Hidden Figures


Biography  Drama  History  


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March 24, 2017 at 8:12 am



Kirsten Dunst as Vivian Mitchell
Kevin Costner as Al Harrison
Jim Parsons as Paul Stafford
Taraji P. Henson as Katherine G. Johnson
720p 1080p
922.89 MB
23.976 fps
2hr 7 min
P/S 807 / 2,204
1.92 GB
23.976 fps
2hr 7 min
P/S 633 / 1,980

Movie Reviews

Reviewed by wordman1 9 / 10

Must see Movie

Hidden Figures is the story of three little known women who played a crucial role in the early days of the US space program. Taraji P. Henson, Octavia Spencer, and Janelle Monáe were all wonderful in their roles; each bringing specific personalities to their characters.Taraji P. Henson is a mathematics wunderkind who is called upon to assist in calculating the math requires for launches and recoveries. A single mother of three daughters, she graciously and calmly works through the difficulties of being a lone black woman in a department full of white men in the racially segregated state of Virginia. Her calmness breaks in one scene and she wonderfully states, quite loudly, the obstacles she is forced to endure and overcome. This is quite a contrast from her normally calm dignity. As a side story, she is also involved in a burgeoning romantic relationship and she shows another totally side of herself - that of a shy, demure woman, which she carries off perfectly.Octavia Spencer, a very strong actress, does a wonderful job as a black woman with the responsibilities of a supervisor that she is not allowed to have the title or compensation for. She deals with her supervisor, Kirsten Dunst, with patience and tolerance and delivers what I think was the finest line in the film in response to Dunst's comment that, "I have nothing against y'all." Spencer replies, "I know you probably believe that." Surrounding me in the auditorium was a subdued murmur of knowing assent and acknowledgment from the audience. Clearly, the black moviegoers all have had that thought, probably more often than one would like to think. As a white male, the sounds of the audience gave me pause and had great impact. That line, alone, made this movie worth seeing.Janelle Monáe plays a woman with the talent to be a NASA engineer, who has to jump through hoops to get there. She provides the bit of lightness that keeps this film lighter than the topic may generally have dictated.Without exception, the supporting cast excels - from Kevin Costner, the boss who just wants to get the job done and tolerates no impediments; to Jim Parsons, the engineer who always insists on following the rules - NASA's as well as his personal rules based on his biases; to Mahershala Ali, who plays Henson's love interest.This movie is well worth viewing on many levels - as history, as a treatise on segregation and race relations, and as an example of how determination can overcome the most difficult of obstacles.Not only was this an excellent film; it was also a film that I was glad I saw.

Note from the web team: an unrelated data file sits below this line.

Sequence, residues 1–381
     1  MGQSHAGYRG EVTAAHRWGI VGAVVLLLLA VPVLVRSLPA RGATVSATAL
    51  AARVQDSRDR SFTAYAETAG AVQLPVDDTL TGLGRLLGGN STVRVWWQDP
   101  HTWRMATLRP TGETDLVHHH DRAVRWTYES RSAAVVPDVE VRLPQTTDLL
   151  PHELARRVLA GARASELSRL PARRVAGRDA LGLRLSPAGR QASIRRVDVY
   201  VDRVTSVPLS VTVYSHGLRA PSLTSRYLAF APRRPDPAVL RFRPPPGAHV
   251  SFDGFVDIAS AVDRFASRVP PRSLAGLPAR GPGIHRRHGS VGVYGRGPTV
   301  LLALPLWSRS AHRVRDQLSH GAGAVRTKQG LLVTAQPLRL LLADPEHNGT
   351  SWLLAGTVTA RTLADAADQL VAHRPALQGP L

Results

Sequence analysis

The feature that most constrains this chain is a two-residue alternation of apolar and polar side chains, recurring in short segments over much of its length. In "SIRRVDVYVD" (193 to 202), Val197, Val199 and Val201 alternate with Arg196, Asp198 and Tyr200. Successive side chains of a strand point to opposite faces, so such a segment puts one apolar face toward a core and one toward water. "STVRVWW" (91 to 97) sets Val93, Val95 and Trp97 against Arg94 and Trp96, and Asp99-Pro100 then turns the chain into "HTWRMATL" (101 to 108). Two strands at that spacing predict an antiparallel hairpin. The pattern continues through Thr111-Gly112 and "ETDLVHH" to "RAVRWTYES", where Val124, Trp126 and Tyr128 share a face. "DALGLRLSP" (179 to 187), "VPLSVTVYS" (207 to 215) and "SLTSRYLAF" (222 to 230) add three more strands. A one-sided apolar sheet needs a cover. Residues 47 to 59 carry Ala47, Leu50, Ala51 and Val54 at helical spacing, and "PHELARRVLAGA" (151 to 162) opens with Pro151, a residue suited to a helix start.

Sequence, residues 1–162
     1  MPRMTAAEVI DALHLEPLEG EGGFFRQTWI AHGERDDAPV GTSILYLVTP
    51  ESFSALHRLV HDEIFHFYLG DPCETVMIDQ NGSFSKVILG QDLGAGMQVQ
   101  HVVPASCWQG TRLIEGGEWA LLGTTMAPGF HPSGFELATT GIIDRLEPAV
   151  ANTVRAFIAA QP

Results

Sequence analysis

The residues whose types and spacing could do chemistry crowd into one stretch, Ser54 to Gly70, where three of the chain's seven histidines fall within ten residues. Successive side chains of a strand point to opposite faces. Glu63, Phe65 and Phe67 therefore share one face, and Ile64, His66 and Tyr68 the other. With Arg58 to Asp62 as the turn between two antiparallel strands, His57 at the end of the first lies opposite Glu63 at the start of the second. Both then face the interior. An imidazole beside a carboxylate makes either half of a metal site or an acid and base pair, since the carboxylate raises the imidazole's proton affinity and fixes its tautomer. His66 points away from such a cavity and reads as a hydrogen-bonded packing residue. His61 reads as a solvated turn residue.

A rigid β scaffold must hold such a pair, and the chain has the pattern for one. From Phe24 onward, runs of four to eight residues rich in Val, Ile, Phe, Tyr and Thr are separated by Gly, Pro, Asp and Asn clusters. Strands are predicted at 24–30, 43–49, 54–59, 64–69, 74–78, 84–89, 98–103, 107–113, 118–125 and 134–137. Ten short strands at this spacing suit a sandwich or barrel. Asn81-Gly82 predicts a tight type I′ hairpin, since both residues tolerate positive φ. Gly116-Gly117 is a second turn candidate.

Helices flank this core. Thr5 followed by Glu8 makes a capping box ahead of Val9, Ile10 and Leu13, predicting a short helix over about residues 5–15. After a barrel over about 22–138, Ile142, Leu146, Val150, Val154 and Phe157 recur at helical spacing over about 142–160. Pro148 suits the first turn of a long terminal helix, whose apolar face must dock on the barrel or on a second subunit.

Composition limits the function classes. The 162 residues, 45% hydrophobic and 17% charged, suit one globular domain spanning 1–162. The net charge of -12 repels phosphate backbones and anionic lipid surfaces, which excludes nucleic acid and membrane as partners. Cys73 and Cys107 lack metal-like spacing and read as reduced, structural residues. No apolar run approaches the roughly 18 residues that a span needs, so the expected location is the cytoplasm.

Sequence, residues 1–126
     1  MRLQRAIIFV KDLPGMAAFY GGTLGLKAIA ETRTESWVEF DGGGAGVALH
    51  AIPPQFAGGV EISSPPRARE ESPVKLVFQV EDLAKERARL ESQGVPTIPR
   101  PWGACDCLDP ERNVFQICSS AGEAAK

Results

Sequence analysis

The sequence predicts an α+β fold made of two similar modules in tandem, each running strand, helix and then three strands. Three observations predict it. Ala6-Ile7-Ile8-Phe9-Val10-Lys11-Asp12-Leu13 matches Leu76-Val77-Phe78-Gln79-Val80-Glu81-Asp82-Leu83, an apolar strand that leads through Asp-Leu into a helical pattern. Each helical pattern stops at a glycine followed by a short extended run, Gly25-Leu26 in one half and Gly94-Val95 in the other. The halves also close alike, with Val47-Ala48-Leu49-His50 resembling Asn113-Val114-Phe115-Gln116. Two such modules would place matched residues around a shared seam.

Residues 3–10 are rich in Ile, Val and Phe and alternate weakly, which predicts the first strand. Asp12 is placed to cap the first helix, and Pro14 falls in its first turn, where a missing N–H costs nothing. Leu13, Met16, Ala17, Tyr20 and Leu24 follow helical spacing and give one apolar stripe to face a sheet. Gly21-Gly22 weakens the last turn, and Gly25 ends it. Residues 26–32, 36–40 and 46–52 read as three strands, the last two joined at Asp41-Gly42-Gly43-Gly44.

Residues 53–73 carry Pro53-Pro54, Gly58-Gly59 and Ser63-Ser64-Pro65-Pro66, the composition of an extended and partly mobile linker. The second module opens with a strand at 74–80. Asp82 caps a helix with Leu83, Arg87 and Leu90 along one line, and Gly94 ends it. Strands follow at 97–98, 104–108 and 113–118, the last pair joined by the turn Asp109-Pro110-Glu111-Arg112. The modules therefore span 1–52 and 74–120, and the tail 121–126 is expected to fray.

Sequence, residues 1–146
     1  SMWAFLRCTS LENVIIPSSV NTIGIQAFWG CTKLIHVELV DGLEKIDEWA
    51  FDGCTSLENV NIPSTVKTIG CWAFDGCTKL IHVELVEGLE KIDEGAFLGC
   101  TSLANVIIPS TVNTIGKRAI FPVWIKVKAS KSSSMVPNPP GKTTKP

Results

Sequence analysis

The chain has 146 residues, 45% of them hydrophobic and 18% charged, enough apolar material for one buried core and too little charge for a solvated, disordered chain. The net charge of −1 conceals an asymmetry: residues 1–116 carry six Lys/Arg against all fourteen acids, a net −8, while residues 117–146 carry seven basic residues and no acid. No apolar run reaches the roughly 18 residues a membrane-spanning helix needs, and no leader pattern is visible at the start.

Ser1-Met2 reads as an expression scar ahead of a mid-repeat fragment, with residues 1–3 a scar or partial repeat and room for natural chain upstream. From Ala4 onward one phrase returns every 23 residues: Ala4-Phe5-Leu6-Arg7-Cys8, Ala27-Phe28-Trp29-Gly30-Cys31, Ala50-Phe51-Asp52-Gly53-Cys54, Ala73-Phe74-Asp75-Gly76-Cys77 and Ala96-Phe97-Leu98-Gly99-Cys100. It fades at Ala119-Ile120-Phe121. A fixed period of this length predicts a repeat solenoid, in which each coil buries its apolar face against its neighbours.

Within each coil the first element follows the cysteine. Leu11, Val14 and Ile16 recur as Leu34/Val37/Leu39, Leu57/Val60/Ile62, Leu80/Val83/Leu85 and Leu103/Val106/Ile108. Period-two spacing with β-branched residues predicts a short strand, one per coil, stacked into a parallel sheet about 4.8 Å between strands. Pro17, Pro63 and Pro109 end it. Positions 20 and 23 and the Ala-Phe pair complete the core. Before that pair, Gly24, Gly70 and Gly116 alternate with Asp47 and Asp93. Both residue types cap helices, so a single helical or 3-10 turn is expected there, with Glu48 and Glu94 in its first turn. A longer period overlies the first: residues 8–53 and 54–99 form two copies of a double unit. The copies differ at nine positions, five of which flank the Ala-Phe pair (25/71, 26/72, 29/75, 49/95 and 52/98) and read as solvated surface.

Reviewed by jadepietro 9 / 10

Making It All Count

*** This review may contain spoilers ***

Reviewed by upswept1 9 / 10

Great Movie but a couple of Automotive faults

The story follows the story of three black woman, Katherine Johnson, Dorothy Vaughn,and Mary Vaughn who try to make a name for themselves while working at NASA and also having to deal with the racism and segregation that existed in 1961. Katherine is the math genius who is good with numbers while raising three children after her husband death and finding love again, Dorothy is known as the mechanic of sorts who is good at fixing things including computers and seems more knowledgeable than her white counterparts. Mary wants to become the first female engineer at NASA but is required to take advanced night classes despite her college degree. I will say the story was better this expected to be and very uplifting since it shows that one can overcome any obstacle in their path if they fight for what they believe in.

Reviewed by monstermayhem32 9 / 10

A great tale of hope and possibilities

*** This review may contain spoilers ***

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